An unpublished opinion of the North Carolina Court of Appeals does not constitute controlling legal authority. Citation is disfavored, but may be permitted in accordance with the provisions of Rule 30(e)(3) of the North Carolina Rules of Appellate Procedure.
NORTH CAROLINA COURT OF APPEALS
Filed: 21 June 2005
IN THE MATTER OF: Robeson County
No. 02 J 330
Appeal by the juvenile from order entered 19 December 2003 by
Judge James Gregory Bell in Robeson County District Court. Heard
in the Court of Appeals 16 February 2005.
Attorney General Roy Cooper,
by Assistant Attorney General
Nancy E. Scott
, for the State.
Geoffrey W. Hosford for juvenile-appellant.
A.L.B. ("the juvenile") appeals from the trial court's 19
December 2003 Juvenile Adjudication and Disposition Order, which
adjudicated him delinquent of felonious larceny. As part of its
dispositional order, the court directed A.L.B. to pay $3,000.00 in
restitution. Because the trial court failed to make findings of
fact regarding whether restitution is in the juvenile's best
interest and whether the juvenile has or reasonably could acquire
the means to pay this restitution, we vacate this portion of the
dispositional order and remand for further proceedings consistent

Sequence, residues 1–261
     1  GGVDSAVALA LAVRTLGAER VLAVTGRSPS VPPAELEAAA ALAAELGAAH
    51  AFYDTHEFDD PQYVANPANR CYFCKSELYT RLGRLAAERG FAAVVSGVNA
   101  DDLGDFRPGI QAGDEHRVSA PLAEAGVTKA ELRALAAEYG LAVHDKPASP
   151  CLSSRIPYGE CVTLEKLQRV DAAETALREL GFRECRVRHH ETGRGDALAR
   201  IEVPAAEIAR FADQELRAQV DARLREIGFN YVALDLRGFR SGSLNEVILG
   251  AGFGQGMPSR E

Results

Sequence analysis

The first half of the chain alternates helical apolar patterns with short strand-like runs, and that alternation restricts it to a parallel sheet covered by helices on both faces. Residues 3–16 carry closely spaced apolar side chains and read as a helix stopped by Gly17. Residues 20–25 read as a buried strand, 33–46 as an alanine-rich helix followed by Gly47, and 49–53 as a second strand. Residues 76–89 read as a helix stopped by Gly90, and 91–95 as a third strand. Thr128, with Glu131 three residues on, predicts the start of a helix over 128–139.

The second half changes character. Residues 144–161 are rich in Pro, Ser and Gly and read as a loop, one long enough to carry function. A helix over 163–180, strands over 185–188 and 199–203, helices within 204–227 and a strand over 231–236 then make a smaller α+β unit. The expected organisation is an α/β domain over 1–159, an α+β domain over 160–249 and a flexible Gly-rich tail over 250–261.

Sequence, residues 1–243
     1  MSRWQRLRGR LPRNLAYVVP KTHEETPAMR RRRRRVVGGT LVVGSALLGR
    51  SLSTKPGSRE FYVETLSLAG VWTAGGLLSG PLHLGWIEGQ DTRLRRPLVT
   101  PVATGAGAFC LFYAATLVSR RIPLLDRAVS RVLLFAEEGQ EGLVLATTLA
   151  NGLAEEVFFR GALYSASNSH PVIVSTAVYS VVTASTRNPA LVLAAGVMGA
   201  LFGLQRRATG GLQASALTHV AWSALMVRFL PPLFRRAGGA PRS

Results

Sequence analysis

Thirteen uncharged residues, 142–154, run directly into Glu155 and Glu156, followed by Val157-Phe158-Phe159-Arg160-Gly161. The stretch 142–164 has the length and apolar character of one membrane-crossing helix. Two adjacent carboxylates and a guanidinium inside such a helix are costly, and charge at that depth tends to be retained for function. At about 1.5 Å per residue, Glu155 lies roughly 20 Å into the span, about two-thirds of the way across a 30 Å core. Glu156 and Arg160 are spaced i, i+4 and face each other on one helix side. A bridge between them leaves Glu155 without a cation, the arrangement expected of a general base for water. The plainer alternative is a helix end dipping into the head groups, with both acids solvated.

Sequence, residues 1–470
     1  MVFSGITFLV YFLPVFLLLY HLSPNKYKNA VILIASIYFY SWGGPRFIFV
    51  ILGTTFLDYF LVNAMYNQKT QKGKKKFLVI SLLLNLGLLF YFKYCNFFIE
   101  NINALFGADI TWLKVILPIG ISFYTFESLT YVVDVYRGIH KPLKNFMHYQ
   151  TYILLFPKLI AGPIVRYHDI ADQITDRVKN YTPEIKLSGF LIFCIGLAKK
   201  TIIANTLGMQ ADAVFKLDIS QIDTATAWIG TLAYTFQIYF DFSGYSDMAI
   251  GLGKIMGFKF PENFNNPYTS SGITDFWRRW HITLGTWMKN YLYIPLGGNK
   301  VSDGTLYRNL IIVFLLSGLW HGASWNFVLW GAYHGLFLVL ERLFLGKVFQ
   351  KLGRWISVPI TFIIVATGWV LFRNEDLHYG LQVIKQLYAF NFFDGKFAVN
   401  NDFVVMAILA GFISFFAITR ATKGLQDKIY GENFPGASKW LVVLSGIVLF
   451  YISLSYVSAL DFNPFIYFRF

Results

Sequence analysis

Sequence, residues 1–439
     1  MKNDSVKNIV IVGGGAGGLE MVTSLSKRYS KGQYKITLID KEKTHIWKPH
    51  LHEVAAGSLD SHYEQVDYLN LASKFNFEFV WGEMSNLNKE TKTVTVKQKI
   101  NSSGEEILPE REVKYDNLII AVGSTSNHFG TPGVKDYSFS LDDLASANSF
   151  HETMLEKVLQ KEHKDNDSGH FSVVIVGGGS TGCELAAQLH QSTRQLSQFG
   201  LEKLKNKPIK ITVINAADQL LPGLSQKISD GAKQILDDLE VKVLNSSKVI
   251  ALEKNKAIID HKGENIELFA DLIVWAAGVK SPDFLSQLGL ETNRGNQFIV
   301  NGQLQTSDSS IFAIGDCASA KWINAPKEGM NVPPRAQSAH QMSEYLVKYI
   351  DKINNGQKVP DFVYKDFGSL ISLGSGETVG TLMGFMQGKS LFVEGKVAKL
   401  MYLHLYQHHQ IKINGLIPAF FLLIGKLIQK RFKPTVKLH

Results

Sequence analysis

with this opinion. We affirm the 19 December 2003 order in all
Facts and Procedural Background
The State filed two separate juvenile petitions alleging that
A.L.B. was delinquent: (1) a petition charging felony larceny of
a motor vehicle owned by Stephen Benson and (2) a petition charging
felony breaking and entering of the home of Loretta Smith and
felony larceny of rings owned by Smith. While both trials were
conducted on 16 December 2003 before Judge Bell, the court did not
join the petitions for trial because they were based upon two
In the trial on the petition alleging larceny of a motor
vehicle, the State's evidence tended to show that Stephen Benson
stopped at a convenience store on 27 August 2002. When he went
inside to get a drink, Benson left his keys inside his truck and